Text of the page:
Jan 10 • 1HR 5M

Podcast: The Mythical New Yorker

Jessica Johnson on how legends of a perfect magazine harm journalism

Jeet Heer
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“Double Feature,” by Adrian Tomine

On December 2, 2021, New Yorker film critic Richard Brody published his assessment of the best movies of the year with The French Dispatch at the top of the list:

Wes Anderson’s wildly comedic, yet fiercely serious, adaptation of stories and personalities from the classic age of The New Yorker unleashes a self-surpassing torrent of dramatic and decorative complexity, philosophical power, and physical intensity. It’s an extraordinary film of the life of the mind-body connection, of history in the present tense.

Brody is an eloquent advocate on behalf of The French Dispatch but his ranking elicited much mirth on twitter. The French Dispatch is a movie that presents a highly idealized picture of the golden age of The New Yorker under editors Harold Ross and William Shawn (a period which ran from 1925 to 1987). Brody, who has written for The New Yorker since 1999, giving such high marks to the movie seemed to many like a case of mutual back-scratching if not incest:

I myself enjoyed The French Dispatch but the way it relied on the myth of The New Yorker bothers some people, notably my friend Jessica Johnson, who as editor of The Walrus knows what it is to run a general interest publication. Jessica thinks The New Yorker myth spreads a false and unhealthy idea of what life in journalism is like, which hampers grappling with the real difficulties of keeping long form magazine writing going. 

Jessica and I talked about both The French Dispatch and the history of The New Yorker. In our conversation, we discuss or allude to many of the books about the magazine, notably James Thurber’s The Years With Ross (1959), Brendan Gill’s Here At the New Yorker (1975), Lillian Ross’s Here But Not Here (1998), and Janet Groth’s The Receptionist (2012). 

One work that is quoted a few times in the podcast is James Wolcott’s essay “The Love Bug” from Vanity Fair (July 1998). Wolcott’s wonderful survey of New Yorker history can be found online and in his omnium gatherum, Critical Mass (2013). 

Here are a few passages from Wolcott that are quoted in the podcast:

[William Shawn’s] desk was an altar where the ideals of accuracy, clarity, and understated elegance were held sacrosanct. Every article, no matter how ephemeral, was groomed like a French poodle. This ultra-finesse often resulted in preciousness (sentences neatly buttoned, facts lined up like little gentlemen), and The New Yorker, inhabiting a parallel universe of scrubbed perfection, could look quaint.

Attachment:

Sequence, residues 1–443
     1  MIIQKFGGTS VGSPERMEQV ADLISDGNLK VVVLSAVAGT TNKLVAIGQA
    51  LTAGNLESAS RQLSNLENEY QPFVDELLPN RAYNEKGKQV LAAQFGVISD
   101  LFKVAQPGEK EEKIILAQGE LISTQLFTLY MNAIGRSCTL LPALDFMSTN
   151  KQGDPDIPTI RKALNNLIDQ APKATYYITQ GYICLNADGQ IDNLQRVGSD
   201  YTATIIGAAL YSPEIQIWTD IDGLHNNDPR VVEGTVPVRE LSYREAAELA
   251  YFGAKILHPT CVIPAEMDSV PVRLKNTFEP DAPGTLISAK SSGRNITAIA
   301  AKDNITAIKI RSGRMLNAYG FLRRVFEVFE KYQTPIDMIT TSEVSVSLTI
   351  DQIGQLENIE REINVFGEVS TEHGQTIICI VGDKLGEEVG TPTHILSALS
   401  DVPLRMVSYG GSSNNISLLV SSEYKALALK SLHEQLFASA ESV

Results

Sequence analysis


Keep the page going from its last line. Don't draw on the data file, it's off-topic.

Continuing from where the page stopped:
The New Yorker formalized its editorial procedures and became a self-producing machine. Its multilayered editing (galleys upon galleys annotated with marginal comments), its fact¬ checking department, its scrupulous attention to grammar and usage, its extreme courtesy to its contributors, its fastidious distaste for slang and coarse language, its refusal to chase fashion, pursue celebrity, or simplify complex subjects — all this made The New Yorker the weekly chalice of sweet reason. To some, this distillation tasted of formaldehyde. In the early sixties, Seymour Krim consigned the magazine to squaresville — “the diehard editorial neoclassicists, the punctuation castratos who have gone to bed with commas for a quarter of a century, are living in a world that no longer exists.”

Not only did he strenuously fight a union movement at The New Yorker (ironic, given the magazine’s New Deal liberalism in all other regards), but, as Gigi Mahon reports in The Last Days of The New Yorker (McGraw-Hill, 1988), he shafted the top echelon in the editorial department by unilaterally denying “key” writers and editors access to stock grants, insisting that everyone at The New Yorker was equal. Shawn refused even to discuss stock options with his subordinates. He decided for them that they didn’t deserve a bonus. The New Yorker was a patriarchy, and father knew best. So when the magazine’s stock was later sold and the proceeds distributed, the business side enjoyed a windfall and the editorial side got nothing.

In our talk, Jessica and I try to balance our respect for the magazine and Anderson’s movie with a consideration of the actual history that gets glamorized.

(Podcast produced by Julia Elinore Peterson; post edited by Emily M. Keeler)

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